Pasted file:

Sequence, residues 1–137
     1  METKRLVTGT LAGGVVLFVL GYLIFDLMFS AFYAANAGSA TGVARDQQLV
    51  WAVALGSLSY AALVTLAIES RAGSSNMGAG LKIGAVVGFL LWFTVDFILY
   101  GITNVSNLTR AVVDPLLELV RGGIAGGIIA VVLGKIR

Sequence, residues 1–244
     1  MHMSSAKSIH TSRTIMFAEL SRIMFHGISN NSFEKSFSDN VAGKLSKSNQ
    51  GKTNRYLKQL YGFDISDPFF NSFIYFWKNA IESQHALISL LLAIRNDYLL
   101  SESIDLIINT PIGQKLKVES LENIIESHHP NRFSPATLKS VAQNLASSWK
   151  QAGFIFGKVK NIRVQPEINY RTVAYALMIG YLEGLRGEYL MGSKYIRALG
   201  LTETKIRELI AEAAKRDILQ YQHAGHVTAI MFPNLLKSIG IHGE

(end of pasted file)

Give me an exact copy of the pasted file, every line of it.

Sequence, residues 1–137
     1  METKRLVTGT LAGGVVLFVL GYLIFDLMFS AFYAANAGSA TGVARDQQLV
    51  WAVALGSLSY AALVTLAIES RAGSSNMGAG LKIGAVVGFL LWFTVDFILY
   101  GITNVSNLTR AVVDPLLELV RGGIAGGIIA VVLGKIR

Sequence, residues 1–244
     1  MHMSSAKSIH TSRTIMFAEL SRIMFHGISN NSFEKSFSDN VAGKLSKSNQ
    51  GKTNRYLKQL YGFDISDPFF NSFIYFWKNA IESQHALISL LLAIRNDYLL
   101  SESIDLIINT PIGQKLKVES LENIIESHHP NRFSPATLKS VAQNLASSWK
   151  QAGFIFGKVK NIRVQPEINY RTVAYALMIG YLEGLRGEYL MGSKYIRALG
   201  LTETKIRELI AEAAKRDILQ YQHAGHVTAI MFPNLLKSIG IHGE